They have a wide variety of impacts across society, and this is really why these types of Internet shutdowns violate some of the principles that organizations like the GNI and the Open Internet for Democracy support. You know, we have the Democratic Principles for an Open Internet, which is the guiding document of the Open Internet for Democracy Initiative, and the GNI has its own principles which the companies that sign on to the initiative must live up to. These are very much in opposition to those. On this panel, we're not going to be talking about numbers and tracking. There are great organizations that are doing that, like Access Now, NetBlocks, UNI, the Software Freedom Law Center in India. Instead, we're going to be talking about this is a challenge that's getting worse. What can we do from a multi-stakeholder perspective to do something about it? We know that it's happening. What can we do?

 

And really, digital rights organizations have been doing a lot in this area, but they can't do it alone, so we need to broaden the conversation. How do we get social media technology platforms and telecommunications companies who are often the primary way that people are accessing the Internet? How do they help inoculate users from these types of disruptions? What mechanisms possibly for enforcement or sanctions would international bodies or Internet governance processes have to pressure governments to keep the Internet open and accessible? So these are some of the questions that we want to talk about on the panel today.

 

We have an excellent panel. The format this is going to be, each participant is going to briefly introduce themselves, their organization, and their work. Then we are going to have a quick roundtable discussion among the panelists that I'll moderate with David, and then we'll throw the session open to the public, and we'll have questions from you, so be prepared with the questions that you want to ask.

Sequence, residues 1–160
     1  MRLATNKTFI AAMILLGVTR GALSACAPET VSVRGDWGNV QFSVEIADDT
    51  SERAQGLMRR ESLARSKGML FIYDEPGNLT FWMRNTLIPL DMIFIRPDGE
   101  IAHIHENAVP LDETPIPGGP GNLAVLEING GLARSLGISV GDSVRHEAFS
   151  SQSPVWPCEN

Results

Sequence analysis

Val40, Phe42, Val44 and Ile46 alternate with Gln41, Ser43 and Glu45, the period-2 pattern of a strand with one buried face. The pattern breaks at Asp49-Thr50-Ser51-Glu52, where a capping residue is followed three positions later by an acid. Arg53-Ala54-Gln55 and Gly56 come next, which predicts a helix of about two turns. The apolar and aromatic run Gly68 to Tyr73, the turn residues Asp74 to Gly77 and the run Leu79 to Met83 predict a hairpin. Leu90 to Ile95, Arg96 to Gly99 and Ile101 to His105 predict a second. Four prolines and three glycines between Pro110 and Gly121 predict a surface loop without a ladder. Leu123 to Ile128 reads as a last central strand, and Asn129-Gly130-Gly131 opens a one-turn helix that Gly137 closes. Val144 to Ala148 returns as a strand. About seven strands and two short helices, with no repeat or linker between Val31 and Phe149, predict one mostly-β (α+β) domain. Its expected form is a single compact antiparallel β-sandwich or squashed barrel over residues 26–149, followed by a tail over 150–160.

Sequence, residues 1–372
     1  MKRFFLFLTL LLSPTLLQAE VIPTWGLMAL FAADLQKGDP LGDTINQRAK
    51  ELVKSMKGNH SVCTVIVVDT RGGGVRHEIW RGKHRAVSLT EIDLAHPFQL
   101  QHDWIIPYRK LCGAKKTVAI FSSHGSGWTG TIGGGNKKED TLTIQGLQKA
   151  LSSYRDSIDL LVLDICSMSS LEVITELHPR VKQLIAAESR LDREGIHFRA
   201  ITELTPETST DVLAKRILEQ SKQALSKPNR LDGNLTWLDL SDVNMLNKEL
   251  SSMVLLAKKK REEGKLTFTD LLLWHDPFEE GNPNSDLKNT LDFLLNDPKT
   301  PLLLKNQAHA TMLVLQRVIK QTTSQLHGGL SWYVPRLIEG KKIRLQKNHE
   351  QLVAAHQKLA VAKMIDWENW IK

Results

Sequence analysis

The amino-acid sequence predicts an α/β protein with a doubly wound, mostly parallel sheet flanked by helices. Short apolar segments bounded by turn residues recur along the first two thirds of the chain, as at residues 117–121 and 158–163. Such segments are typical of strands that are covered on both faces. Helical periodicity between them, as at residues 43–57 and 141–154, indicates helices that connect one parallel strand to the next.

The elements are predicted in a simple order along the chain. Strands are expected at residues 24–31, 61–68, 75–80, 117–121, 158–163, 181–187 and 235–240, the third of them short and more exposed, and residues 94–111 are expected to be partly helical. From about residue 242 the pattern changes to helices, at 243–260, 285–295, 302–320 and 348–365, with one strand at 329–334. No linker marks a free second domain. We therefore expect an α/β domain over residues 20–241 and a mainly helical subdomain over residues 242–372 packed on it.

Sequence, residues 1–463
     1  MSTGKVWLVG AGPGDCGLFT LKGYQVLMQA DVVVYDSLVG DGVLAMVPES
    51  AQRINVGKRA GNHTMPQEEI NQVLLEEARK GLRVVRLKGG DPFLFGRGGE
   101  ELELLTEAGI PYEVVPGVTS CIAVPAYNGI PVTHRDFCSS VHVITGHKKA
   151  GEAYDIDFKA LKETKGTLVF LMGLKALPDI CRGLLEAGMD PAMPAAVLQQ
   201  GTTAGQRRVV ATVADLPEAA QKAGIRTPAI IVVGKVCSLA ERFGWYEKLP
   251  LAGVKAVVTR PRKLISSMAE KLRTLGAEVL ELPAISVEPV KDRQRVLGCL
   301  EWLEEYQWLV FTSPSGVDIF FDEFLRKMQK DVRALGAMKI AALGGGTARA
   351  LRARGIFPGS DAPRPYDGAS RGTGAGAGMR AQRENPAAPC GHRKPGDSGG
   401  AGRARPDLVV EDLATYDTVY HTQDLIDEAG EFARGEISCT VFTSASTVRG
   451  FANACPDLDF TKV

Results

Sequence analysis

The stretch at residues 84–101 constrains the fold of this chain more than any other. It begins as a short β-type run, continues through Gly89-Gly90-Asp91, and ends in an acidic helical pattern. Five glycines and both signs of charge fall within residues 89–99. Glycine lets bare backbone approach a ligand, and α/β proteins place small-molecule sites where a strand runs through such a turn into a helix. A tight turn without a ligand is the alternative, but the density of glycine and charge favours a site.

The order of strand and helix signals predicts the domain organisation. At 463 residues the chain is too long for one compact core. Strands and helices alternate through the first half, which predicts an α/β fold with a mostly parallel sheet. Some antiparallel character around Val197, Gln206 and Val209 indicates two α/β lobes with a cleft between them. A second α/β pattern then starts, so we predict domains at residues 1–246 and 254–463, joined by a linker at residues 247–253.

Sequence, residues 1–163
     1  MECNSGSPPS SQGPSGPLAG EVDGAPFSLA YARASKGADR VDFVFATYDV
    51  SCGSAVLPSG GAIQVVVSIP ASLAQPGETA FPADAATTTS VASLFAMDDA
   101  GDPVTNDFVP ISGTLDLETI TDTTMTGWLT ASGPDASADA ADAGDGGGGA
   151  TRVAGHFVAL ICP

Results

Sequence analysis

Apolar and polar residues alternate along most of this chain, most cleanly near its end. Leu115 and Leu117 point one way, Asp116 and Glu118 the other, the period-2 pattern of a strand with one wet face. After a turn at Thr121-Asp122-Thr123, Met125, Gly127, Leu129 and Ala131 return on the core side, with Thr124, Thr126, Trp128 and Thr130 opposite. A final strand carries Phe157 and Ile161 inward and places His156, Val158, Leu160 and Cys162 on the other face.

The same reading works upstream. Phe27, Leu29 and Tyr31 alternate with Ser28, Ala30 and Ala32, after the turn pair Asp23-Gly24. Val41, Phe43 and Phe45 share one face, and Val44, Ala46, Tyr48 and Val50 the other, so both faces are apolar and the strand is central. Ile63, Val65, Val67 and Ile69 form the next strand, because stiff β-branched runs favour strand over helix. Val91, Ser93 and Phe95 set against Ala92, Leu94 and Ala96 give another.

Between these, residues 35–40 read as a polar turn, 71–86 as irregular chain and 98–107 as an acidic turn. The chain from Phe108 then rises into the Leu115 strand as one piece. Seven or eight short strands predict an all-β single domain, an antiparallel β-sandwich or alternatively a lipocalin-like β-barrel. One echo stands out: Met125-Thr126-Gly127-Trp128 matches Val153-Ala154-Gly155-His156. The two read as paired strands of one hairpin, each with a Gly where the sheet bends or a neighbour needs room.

Now, I would like to -- first of all, we have a special speaker, actually, from -- who is going to be participating remotely from Cameroon. She's from one of the regions where the Internet shutdown has taken place, Kathleen Dongmo, who is an entrepreneur from Cameroon. I am going to see if the remote participation is working and hand it over to Kathleen. She was online just before we started, so, yes, I hope this isn't a disruption. We may be facing one at this moment. What we're going to do while we're waiting to see if we can get her back -- uh-huh. Yeah. So, while we wait, I'm going to actually ask Usama to introduce yourself, and then we'll come back to Kathleen at the end and hopefully she'll be back online by then.

 

>> USAMA HILGI: Okay, thank you. Hello, I'm Usama -- I think she's there.

 

>> MODERATOR: Kathleen, can you hear us? You're on mute. We can't hear you. We still can't hear you. Okay, so we're going to have to go on –- we're going to have to move to Usama while we try and figure out how to get the audio to play from Kathleen, but we'll try and come back to you, okay?

 

>> USAMA: Thank you. I'm Usama Hilgi. Thank you for organizing this very important session because I represent BOLIVI, which is an organization based in Pakistan. We focus on policy and advocacy and research around digital rights, Internet policy, and freedom of expression.

 

I just wanted to talk about network shutdowns in a sense that it's largely been normalized in a lot of societies. For example, each time there is, say, a public holiday or any political rally or protest, it's very normal for, you know, the Minister of Information or the Minister of Interior to announce that, oh, okay, from 8:00 a.m. to 8:00 p.m. tomorrow there will be a network shutdown in these cities, in this area. You will not have mobile phone signals or data connectivity. In that sense, I think it points to a larger problem of just discomfort with technology and just with viewing technology as something that is new, but also something that is easy to control and censor in the old school ways of dictatorships or, say, like monarchies.

 

Just like you mentioned, Pakistan itself is a democratic country. We have had transitions of democratic governments for the past more than a decade now after bouts of military dictatorships. But despite that, the post-9/11 use of security in order to justify, you know, trampling of rights and this whole, like, global trend of what I would call making rights the collateral damage of security has really been normalized. I think in that sense of obviously just civil society and groups or just government groups –- sorry -- companies cannot really make a difference. But what's really important is to, like, work on advocacy that changes this thinking and approach to its technology.